# The Unapologetic Mathematician

## The Implicit Function Theorem II

Okay, today we’re going to prove the implicit function theorem. We’re going to think of our function $f$ as taking an $n$-dimensional vector $x$ and a $m$-dimensional vector $t$ and giving back an $n$-dimensional vector $f(x;t)$. In essence, what we want to do is see how this output vector must change as we change $t$, and then undo that by making a corresponding change in $x$. And to do that, we need to know how changing the output changes $x$, at least in a neighborhood of $f(x;t)=0$. That is, we’ve got to invert a function, and we’ll need to use the inverse function theorem.

But we’re not going to apply it directly as the above heuristic suggests. Instead, we’re going to “puff up” the function $f:S\rightarrow\mathbb{R}^n$ into a bigger function $F:S\rightarrow\mathbb{R}^{n+m}$ that will give us some room to maneuver. For $1\leq i\leq n$ we define $\displaystyle F^i(x;t)=f^i(x;t)$

just copying over our original function. Then we continue by defining for $1\leq j\leq m$ $\displaystyle F^{n+j}(x;t)=t^j$

That is, the new $m$ component functions are just the coordinate functions $t^j$. We can easily calculate the Jacobian matrix $\displaystyle dF=\begin{pmatrix}\frac{\partial f^i}{\partial x^j}&\frac{\partial f^i}{\partial t^j}\\{0}&I_m\end{pmatrix}$

where ${0}$ is the $m\times n$ zero matrix and $I_m$ is the $m\times m$ identity matrix. From here it’s straightforward to find the Jacobian determinant $\displaystyle J_F(x;t)=\det\left(dF\right)=\det\left(\frac{\partial f^i}{\partial x^j}\right)$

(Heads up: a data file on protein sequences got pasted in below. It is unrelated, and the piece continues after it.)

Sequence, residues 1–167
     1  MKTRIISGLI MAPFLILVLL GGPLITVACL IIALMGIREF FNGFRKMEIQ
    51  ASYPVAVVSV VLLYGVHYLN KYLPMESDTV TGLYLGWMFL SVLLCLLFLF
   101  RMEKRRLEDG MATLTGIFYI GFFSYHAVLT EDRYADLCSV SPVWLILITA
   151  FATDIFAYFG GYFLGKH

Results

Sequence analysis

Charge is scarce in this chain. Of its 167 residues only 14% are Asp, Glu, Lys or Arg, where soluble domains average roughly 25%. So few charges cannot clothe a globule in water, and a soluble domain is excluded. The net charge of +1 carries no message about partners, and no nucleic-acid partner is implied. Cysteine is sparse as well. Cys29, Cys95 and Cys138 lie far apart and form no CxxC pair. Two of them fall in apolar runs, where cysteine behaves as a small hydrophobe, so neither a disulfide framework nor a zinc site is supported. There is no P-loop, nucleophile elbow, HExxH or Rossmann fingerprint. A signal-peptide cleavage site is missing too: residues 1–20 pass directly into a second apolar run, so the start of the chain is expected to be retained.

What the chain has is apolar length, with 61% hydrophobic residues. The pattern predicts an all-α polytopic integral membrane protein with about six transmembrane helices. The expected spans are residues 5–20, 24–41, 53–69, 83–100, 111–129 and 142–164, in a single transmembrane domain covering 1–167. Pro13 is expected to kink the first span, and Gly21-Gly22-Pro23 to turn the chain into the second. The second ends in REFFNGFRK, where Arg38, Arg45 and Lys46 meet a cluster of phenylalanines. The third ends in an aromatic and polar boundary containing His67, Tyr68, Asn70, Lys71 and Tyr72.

which is exactly the determinant we assert to be nonzero at $(a;b)$. We also easily see that $F(a;b)=(0;b)$.

And so the inverse function theorem tells us that there are neighborhoods $X$ of $(a;b)$ and $Y$ of $(0;b)$ so that $F$ is injective on $X$ and $Y=F(X)$, and that there is a continuously differentiable inverse function $G:Y\rightarrow X$ so that $G(F(x;t))=(x;t)$ for all $(x;t)\in X$. We want to study this inverse function to recover our implicit function from it.

First off, we can write $G(y;s)=(v(y;s);w(y;s))$ for two functions: $v$ which takes $n$-dimensional vector values, and $w$ which takes $m$-dimensional vector values. Our inverse relation tells us that \displaystyle\begin{aligned}v(F(x;t))&=x\\w(F(x;t))&=t\end{aligned}

But since $F$ is injective from $X$ onto $Y$, we can write any point $(y;s)\in Y$ as $(y;s)=F(x;t)$, and in this case we must have $s=t$ by the definition of $s$. That is, we have \displaystyle\begin{aligned}v(y;t)&=v(F(x;t))=x\\w(y;t)&=w(F(x;t))=t\end{aligned}

And so we see that $G(y;t)=(x;t)$, where $x$ is the $n$-dimensional vector so that $y=f(x;t)$. We thus have $f(v(y;t);t)=y$ for every $(y;t)\in Y$.

Now define $T\subseteq\mathbb{R}^m$ be the collection of vectors $t$ so that $(0;t)\in Y$, and for each such $t\in T$ define $g(t)=v(0;t)$, so $F(g(t);t)=0$. As a slice of the open set $Y$ in the product topology on $\mathbb{R}^n\times\mathbb{R}^m$, the set $T$ is open in $\mathbb{R}^m$. Further, $g$ is continuously differentiable on $T$ since $G$ is continuously differentiable on $Y$, and the components of $g$ are taken directly from those of $G$. Finally, $b$ is in $T$ since $(a;b)\in X$, and $F(a;b)=(0;b)\in Y$ by assumption. This also shows that $g(b)=a$.

The only thing left is to show that $g$ is uniquely defined. But there can only be one such function, by the injectivity of $f$. If there were another such function $h$ then we’d have $f(g(t);t)=f(h(t);t)$, and thus $(g(t);t)=(h(t);t)$, or $g(t)=h(t)$ for every $t\in T$.

November 20, 2009 - Posted by | Analysis, Calculus

## 1 Comment »

1. […] we can go back and clean up not only the statement of the implicit function theorem, but its proof, as well. And we can even extend to a different, related statement, all using the inverse function […]

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